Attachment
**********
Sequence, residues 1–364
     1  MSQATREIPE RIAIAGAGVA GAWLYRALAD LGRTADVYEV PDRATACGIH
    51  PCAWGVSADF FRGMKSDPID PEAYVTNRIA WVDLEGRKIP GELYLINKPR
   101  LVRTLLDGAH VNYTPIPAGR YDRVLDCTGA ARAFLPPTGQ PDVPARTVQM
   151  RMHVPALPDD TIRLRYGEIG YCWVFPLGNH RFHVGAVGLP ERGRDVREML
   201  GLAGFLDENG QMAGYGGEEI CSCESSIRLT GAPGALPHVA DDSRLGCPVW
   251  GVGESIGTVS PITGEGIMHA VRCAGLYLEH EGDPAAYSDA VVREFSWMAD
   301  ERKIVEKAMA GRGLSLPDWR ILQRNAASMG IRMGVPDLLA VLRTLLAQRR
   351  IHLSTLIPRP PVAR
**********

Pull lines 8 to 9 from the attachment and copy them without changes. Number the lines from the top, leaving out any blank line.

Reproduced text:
   301  ERKIVEKAMA GRGLSLPDWR ILQRNAASMG IRMGVPDLLA VLRTLLAQRR
   351  IHLSTLIPRP PVAR